A: These are high-stakes tests. Agent trainees must pass three tests to keep their jobs.  They used to be written tests, but we found that having to store the results for several years meant that all the paperwork was becoming a little voluminous. By delivering through Questionmark, everything stored electronically. I can make  backups for every assessment, so that at any time someone  says ,”This person took this test on this date” and asks how they did, I can tell them exactly. By switching to Perception, e made grading the tests completely objective. We removed the temptation of instructors to sometimes subconsciously feel bad about failing someone and wanting to be more lenient in their grading. Over a six-week training course you kind of bond with students. You don’t want to hurt anybody but you also don’t want to send someone out on the call center floor if they’re not qualified. We took all that issue away by switching to online testing.

The ability to use Flash and Captivate in Questionmark  tests is crucial. There are things you can’t ask using pencil and paper! In Perception, when you build in an application simulation, the question is basically, “Use this application to accomplish a certain task.” This allows us to test agents’ knowledge much more thoroughly — to test things we just couldn’t test before. For example, we can look at their ability to fill out certain fields in their customer service forms with certain values. They have to show that they know which fields need to be filled in, and they truly know how to use the application.

Q: What do you expect people to learn during your presentation at this year’s users conference?

I’ll be sharing what I’ve been doing for the last couple of years so that they can get up to the speed and benefit from what I have learned.  I’ll give them tips, tricks and best practices in developing a simulation, deploying it to Perception, getting it to report the useful information they want to see and balancing that with maintenance issue. I will help them consider what outcomes they would like to appear in the reports, how specific they want to make those outcomes and how generic they want to keep them for maintenance reasons.. I’ll give them some files they can download and tear apart: examples of flash files and things like that.

Q: Have you gained some new insights in the past year?

A: Absolutely. The forms used by our agents are changed frequently — either the values in the menus change or new fields are added. I’m dealing with three modules and two tests per module.  Agents take a test after each module. If they fail they go through remediation and take the second test. It’s not a duplicate of the first test but it covers the same material.  I probably have 60 simulation questions within those tests.  Until recently, I would sometimes have to go in and make the same change in 60 different Flash files! So I actually broke the simulation out into two parts: the core modulation, which I call my “Grand Master Flash” — a generic simulation — and a question-specific Flash file that calls the Grand Master Flash and says, “Display this, make this field active,” and so on, and the Grand Master reads all these instructions. I basically build the simulation dynamically. So now if they change something about the form, 90% of the time I can go to my Grand Master Flash and make one change, one time and load that up to the master. There are still certain situations where I need to update individual questions, but since the question Flashes are much smaller files than I was working with before, it’s much easier to do this. So far, this new set-up is worth its weight in gold!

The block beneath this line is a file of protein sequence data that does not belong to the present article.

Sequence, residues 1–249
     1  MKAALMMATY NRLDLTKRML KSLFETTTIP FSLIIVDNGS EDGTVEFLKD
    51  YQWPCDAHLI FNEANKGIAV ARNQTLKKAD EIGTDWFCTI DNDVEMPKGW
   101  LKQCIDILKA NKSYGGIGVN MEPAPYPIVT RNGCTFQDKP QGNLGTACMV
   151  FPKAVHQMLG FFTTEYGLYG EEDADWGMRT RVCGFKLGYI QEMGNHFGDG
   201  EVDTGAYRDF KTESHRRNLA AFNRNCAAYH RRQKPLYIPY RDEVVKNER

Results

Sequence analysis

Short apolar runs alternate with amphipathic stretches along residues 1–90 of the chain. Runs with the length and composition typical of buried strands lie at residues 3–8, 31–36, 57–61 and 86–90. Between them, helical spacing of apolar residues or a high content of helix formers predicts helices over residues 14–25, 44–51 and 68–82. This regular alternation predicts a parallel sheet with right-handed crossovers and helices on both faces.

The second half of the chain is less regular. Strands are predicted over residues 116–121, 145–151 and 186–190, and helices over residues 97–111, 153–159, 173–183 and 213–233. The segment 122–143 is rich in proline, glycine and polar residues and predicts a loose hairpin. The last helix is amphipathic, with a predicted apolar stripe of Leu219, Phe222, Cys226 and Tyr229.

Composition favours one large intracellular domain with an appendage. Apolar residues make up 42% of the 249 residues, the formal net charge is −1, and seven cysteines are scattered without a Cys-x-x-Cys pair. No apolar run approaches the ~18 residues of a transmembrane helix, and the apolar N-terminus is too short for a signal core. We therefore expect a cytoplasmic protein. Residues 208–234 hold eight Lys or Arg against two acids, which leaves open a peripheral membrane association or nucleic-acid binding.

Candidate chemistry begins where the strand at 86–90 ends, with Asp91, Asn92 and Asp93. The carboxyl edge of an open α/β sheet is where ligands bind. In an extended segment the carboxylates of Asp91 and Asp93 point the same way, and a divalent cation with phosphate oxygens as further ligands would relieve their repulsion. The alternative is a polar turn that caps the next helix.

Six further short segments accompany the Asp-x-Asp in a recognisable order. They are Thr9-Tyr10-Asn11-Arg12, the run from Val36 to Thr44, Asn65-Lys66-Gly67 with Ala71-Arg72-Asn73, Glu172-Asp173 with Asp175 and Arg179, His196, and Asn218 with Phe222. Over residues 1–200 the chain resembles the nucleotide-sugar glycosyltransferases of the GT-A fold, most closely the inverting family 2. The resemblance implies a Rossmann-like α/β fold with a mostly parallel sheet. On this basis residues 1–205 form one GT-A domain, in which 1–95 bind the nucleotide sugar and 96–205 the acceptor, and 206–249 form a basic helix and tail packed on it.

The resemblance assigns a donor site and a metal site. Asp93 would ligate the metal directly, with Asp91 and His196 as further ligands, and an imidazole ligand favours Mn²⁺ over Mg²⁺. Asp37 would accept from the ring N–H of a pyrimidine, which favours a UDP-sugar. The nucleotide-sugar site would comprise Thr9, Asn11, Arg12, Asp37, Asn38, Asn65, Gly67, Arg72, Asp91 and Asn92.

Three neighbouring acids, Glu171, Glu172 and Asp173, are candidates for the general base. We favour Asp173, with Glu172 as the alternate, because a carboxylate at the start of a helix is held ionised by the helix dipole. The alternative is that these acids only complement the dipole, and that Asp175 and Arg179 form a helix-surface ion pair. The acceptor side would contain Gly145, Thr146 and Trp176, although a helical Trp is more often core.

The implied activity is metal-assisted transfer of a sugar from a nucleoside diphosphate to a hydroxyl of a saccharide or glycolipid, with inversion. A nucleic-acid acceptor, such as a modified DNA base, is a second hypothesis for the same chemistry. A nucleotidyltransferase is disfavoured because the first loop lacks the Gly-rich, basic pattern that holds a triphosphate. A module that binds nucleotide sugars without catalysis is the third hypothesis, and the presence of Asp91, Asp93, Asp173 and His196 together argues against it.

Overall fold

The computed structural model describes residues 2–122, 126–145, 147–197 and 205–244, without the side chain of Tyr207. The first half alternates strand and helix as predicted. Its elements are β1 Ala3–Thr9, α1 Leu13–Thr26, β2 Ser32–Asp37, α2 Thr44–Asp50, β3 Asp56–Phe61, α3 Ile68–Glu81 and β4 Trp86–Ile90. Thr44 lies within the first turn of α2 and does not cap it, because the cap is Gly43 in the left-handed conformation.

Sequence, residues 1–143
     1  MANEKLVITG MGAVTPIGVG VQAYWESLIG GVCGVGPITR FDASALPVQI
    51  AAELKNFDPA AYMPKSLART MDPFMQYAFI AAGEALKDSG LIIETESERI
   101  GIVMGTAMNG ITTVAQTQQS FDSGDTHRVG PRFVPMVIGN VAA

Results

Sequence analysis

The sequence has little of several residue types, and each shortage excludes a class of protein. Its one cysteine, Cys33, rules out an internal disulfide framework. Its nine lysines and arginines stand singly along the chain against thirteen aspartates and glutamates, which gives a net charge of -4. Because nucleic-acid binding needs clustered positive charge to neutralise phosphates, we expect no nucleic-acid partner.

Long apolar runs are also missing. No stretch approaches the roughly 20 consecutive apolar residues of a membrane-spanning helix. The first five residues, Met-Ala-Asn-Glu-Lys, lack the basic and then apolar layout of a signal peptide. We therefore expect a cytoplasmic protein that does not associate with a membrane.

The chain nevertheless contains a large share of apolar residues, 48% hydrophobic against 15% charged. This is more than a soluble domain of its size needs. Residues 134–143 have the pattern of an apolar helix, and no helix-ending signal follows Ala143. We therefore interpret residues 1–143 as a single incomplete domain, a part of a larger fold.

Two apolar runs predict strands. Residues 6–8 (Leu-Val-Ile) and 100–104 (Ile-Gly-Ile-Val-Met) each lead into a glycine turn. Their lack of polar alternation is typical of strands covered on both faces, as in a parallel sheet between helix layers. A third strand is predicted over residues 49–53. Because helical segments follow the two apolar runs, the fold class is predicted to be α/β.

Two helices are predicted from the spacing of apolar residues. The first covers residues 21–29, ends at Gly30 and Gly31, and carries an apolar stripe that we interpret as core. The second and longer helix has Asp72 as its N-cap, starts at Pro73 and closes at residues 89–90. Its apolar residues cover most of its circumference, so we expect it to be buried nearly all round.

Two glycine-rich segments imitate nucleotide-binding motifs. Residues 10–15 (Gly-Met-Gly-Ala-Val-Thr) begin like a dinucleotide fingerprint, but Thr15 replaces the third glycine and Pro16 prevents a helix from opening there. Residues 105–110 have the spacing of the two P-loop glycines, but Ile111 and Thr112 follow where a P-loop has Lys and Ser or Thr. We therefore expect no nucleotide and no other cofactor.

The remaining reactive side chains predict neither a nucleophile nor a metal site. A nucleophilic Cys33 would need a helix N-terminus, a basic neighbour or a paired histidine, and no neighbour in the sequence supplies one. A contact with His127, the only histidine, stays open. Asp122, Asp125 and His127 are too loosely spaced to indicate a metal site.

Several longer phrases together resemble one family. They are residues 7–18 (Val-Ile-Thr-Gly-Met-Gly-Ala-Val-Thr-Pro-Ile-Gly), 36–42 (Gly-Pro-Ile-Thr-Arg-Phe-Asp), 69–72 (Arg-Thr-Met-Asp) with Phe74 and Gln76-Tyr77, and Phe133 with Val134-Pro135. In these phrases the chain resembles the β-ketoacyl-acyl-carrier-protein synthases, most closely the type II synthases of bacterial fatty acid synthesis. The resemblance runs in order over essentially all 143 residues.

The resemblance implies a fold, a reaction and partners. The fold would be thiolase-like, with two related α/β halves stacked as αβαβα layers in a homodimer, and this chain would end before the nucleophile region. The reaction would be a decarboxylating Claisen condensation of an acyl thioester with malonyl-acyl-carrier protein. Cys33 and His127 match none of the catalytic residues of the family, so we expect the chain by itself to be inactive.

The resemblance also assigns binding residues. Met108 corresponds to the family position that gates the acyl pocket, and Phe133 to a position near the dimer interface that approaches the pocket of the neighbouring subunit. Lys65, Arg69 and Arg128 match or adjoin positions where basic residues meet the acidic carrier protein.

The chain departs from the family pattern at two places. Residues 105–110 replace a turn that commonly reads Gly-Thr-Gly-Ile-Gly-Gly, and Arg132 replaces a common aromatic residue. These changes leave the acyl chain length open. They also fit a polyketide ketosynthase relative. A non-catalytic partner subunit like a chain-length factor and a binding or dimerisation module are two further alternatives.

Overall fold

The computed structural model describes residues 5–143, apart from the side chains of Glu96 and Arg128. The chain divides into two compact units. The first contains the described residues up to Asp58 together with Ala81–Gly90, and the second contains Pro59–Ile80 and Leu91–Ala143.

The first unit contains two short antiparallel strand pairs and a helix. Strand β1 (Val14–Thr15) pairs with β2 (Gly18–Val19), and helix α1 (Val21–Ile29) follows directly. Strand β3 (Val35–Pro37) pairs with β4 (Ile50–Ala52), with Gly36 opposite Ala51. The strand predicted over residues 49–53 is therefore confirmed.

Q:   What keeps you coming back to the conference?

A: There is so much good stuff at these conferences that I know I’m going to pick up some new and important information every time I attend.  Really, the only bad thing that I have encountered in the conferences is that I’ve attended is that I can’t get to all of the seminars I want to go to!

This year I’m definitely going to Greg Pope’s presentation on Principles of Item and Test Analysis. I am in the middle of generating these reports and we’re preparing a new release of the test. I’m correcting some scoring issues and I’m  trying to analyze these tests and figure out which questions need help, to figure out if  we have a good balance. Greg has helped me a great deal in understanding the mean, the median, the mode, the standard deviation — what these things mean — and I want to get more of that when I go out to Los Angeles.

There’s so much good information, that quite frankly I would recommend to anyone who’s going, if their employer will allow it, send two people so that they can double up the amount of information they take back to work.

If your organization does send more than one person to the conference there are group discounts available for the conference, which will take place March 15 – 18 in Los Angeles. Whether you sign up individually or as a group, register by January 21st for early-bird savings.